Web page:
Baseball: A new stance

Stand there along the wall of William and Mary Head Coach Frank Leoni’s office. Keep your voice down. It is the end of the 2009 season, and Leoni is sitting in front of his locker after another Tribe loss.

The skipper has already moved on from a senior class that has largely tuned him out. But it is his freshman first baseman, Tadd Bower, who has him at his wit’s end.

Bower spent most of the season flailing at curveballs on the outer part of the plate. By the end of the year, Bower will finish with a .279 batting average and only 19 runs scored, well below Leoni’s expectations. Even more disturbing is the fact that Bower has tuned out his coaches, failing to make the adjustments they keep recommending in his swinf.

As Leoni sits in front of his locker, visibly exhausted from what will be the worst season during his tenure at the College, he begins to talk about Bower:

“I was told a long time ago by an old coach, whom I really admire and trust, that some guys get it and some guys don’t,” Leoni said. “And I don’t know if Tadd Bower is ever going to get it. He refuses to make adjustments; he refuses to listen to the stuff we tell him. I don’t know if he’s ever going to get it.”


It is a rainy day in Montpelier, Vt., a one-stoplight town with a summer-league baseball team and a whole lot of time to kill. It is the summer after Bower’s freshman season and his summer team — the Vermont Mountaineers — have an off day on account of the rain.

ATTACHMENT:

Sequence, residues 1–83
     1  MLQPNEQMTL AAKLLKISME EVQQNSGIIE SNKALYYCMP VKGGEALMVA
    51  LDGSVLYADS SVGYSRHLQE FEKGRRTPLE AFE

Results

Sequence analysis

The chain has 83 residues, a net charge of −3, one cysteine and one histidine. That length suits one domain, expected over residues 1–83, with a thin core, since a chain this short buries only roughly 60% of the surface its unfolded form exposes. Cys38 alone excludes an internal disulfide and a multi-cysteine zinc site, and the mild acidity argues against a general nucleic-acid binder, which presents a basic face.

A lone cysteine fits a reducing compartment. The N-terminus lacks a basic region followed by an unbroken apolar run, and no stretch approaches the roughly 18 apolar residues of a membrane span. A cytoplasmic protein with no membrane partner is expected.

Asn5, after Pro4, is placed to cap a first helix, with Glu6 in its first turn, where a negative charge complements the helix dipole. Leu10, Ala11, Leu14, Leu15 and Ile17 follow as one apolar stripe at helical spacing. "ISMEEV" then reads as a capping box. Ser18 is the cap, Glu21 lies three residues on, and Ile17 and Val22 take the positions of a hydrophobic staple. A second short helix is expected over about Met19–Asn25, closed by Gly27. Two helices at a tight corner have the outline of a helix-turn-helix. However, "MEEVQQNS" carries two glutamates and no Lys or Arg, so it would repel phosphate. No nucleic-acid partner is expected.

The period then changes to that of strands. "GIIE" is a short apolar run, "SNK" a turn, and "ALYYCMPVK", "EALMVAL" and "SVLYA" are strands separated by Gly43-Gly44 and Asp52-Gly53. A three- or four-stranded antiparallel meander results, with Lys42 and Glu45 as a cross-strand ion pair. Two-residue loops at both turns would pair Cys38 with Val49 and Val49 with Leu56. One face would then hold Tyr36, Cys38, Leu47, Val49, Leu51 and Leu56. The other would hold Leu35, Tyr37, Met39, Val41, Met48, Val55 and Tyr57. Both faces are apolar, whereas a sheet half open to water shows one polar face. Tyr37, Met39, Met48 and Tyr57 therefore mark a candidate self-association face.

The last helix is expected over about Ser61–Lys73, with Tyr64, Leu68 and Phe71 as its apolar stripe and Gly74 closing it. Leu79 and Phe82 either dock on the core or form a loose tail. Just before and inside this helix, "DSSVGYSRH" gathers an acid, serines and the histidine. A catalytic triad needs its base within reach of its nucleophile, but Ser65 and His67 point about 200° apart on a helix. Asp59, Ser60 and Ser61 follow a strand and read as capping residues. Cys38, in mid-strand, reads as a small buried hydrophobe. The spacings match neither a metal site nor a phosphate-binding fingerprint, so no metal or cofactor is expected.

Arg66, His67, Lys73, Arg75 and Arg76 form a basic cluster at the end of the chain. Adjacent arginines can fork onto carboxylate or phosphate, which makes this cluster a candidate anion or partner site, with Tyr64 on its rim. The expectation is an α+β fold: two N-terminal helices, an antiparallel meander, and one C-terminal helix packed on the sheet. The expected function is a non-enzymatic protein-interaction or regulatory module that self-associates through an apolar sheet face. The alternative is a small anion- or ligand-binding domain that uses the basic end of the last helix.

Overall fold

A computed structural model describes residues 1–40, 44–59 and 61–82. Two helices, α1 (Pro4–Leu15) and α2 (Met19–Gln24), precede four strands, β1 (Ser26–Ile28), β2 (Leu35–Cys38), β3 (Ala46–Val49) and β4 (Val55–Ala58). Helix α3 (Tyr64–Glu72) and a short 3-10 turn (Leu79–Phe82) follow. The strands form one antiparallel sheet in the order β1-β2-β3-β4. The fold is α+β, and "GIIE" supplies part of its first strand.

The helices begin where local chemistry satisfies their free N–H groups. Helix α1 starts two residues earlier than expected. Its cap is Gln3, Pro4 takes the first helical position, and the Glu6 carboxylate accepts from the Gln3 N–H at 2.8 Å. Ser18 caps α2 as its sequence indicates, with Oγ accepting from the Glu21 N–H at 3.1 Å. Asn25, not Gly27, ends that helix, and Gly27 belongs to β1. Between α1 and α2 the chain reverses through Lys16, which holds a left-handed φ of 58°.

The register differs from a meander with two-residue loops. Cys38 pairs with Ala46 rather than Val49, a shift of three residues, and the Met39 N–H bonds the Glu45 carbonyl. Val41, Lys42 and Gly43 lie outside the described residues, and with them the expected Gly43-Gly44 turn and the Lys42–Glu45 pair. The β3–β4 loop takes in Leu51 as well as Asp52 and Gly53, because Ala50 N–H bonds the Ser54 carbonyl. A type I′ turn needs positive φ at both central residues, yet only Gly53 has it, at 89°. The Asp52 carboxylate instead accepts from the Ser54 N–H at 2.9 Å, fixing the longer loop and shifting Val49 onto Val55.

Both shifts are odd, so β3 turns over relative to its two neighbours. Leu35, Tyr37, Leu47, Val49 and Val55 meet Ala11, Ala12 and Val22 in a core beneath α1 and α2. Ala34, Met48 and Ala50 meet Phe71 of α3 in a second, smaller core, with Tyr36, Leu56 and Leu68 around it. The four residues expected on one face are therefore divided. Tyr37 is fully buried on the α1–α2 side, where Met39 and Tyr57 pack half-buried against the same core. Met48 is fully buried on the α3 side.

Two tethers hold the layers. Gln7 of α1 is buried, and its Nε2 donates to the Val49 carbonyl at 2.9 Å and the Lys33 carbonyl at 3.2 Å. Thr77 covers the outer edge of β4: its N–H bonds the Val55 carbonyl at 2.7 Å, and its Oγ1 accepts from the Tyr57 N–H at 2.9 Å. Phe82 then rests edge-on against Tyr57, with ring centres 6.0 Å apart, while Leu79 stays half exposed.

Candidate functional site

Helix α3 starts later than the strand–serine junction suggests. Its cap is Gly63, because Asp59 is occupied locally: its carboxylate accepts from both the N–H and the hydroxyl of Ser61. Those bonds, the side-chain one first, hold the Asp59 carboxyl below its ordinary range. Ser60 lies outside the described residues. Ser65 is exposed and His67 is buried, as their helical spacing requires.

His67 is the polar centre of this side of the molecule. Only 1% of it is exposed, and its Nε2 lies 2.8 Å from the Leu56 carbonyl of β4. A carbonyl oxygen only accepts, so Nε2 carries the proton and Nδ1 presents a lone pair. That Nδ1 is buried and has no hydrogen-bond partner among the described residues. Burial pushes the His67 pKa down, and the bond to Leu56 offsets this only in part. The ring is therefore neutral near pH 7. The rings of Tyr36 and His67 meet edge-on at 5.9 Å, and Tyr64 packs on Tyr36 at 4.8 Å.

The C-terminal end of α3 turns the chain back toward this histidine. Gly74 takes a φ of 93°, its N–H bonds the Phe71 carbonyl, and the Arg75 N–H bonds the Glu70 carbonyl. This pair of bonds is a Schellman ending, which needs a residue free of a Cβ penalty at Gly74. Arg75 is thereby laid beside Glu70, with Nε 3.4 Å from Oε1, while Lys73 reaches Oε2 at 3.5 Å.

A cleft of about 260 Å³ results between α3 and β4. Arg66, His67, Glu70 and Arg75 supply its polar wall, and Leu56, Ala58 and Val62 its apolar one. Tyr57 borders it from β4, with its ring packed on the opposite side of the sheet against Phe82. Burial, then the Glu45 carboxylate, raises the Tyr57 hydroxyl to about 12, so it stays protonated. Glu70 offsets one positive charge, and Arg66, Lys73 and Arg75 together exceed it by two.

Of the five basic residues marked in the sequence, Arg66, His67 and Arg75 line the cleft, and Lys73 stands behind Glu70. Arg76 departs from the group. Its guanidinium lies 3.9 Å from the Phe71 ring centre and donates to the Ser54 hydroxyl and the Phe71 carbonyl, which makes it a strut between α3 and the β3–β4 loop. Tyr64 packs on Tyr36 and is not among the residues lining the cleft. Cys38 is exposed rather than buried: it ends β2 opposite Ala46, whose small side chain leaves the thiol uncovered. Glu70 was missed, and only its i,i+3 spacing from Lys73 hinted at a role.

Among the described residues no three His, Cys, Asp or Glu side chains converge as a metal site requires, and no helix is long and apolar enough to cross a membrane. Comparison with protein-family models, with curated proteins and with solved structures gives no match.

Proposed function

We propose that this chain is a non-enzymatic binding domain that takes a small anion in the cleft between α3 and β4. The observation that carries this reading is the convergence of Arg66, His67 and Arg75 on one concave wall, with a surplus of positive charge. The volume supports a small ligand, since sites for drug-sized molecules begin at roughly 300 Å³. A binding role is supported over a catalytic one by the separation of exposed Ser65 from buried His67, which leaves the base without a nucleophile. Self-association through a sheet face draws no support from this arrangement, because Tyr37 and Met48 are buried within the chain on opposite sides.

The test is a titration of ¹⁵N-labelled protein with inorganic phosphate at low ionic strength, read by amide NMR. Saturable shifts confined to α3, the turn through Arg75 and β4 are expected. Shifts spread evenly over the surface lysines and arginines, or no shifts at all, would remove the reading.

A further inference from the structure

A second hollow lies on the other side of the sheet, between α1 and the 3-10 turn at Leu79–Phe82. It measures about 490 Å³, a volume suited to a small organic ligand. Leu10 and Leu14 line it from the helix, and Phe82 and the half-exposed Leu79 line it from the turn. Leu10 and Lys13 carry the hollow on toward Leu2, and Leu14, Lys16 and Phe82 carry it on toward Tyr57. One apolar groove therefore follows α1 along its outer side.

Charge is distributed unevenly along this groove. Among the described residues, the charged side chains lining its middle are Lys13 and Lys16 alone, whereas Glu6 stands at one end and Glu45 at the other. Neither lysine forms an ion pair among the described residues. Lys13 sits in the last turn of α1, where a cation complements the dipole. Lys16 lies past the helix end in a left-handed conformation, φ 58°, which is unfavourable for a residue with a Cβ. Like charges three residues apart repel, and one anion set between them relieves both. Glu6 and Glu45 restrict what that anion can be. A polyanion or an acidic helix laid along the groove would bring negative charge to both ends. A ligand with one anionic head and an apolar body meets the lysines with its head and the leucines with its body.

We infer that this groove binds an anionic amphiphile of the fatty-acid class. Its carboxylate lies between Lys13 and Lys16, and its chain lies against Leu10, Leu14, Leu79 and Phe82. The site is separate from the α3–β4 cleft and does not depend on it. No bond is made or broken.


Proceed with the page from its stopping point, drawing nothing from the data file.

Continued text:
Back home in Williamsburg, Leoni sees Bower’s name pop up on his cell phone.

“I saw his name come up, and I said to myself, ‘Do I really want to answer this right now?’” Leoni said. “I did, and I wasn’t sure what to expect, and it was one of the best conversations I’ve ever had with a player, period. It was like I was talking to a totally different kid on the other end of the phone.”

It turns out the Vermont air does wonders for your attitude, as well as your health.

“I had no purpose in the phone call; I just wanted to see how things were going over the summer,” Bower said. “I let him know I was having a great time up there and that coming back, I wanted to take more of a leadership role on the team.”

After spending a season fighting Leoni on the mechanics of his swing, Bower had epiphany while watching some of his Mountaineer teammates over the summer.

Leoni teaches his hitters to load and stride at the plate, as well as to drop the angle of the bat in order to create tilt and lift the baseball. Coming out of high school, Bower believed in a more spread approach where he would swing the bat straight down on the ball in order to create backspin.

But the more he watched some of his summer league teammates, the more Bower began to see some of Leoni’s teachngs in their swings.

“Instead of just goofing around, I would try to watch everybody’s swing and learn from it and learn how to play the game,” Bower said. “Basically, what I looked off of, I looked at what Frank had given us the year before and looked at what these guys who had success were doing, and a lot of them were the same things.”

For the first time, Bower seemed receptive to Leoni’s advice, which surprised the skipper even more than the mid-summer phone call.